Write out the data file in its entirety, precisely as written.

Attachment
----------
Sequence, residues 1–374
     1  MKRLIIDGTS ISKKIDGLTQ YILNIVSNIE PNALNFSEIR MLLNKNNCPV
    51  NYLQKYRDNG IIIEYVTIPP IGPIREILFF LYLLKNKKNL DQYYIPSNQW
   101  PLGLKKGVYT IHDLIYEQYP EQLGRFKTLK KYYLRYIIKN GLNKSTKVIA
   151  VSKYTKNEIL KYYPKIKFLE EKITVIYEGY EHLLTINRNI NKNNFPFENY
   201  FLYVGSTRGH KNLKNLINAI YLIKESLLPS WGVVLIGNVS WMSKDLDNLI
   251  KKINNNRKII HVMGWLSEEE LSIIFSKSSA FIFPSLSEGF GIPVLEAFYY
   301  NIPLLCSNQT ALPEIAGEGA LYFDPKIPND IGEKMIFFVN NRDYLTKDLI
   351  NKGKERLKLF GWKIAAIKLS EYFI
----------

Sequence, residues 1–374
     1  MKRLIIDGTS ISKKIDGLTQ YILNIVSNIE PNALNFSEIR MLLNKNNCPV
    51  NYLQKYRDNG IIIEYVTIPP IGPIREILFF LYLLKNKKNL DQYYIPSNQW
   101  PLGLKKGVYT IHDLIYEQYP EQLGRFKTLK KYYLRYIIKN GLNKSTKVIA
   151  VSKYTKNEIL KYYPKIKFLE EKITVIYEGY EHLLTINRNI NKNNFPFENY
   201  FLYVGSTRGH KNLKNLINAI YLIKESLLPS WGVVLIGNVS WMSKDLDNLI
   251  KKINNNRKII HVMGWLSEEE LSIIFSKSSA FIFPSLSEGF GIPVLEAFYY
   301  NIPLLCSNQT ALPEIAGEGA LYFDPKIPND IGEKMIFFVN NRDYLTKDLI
   351  NKGKERLKLF GWKIAAIKLS EYFI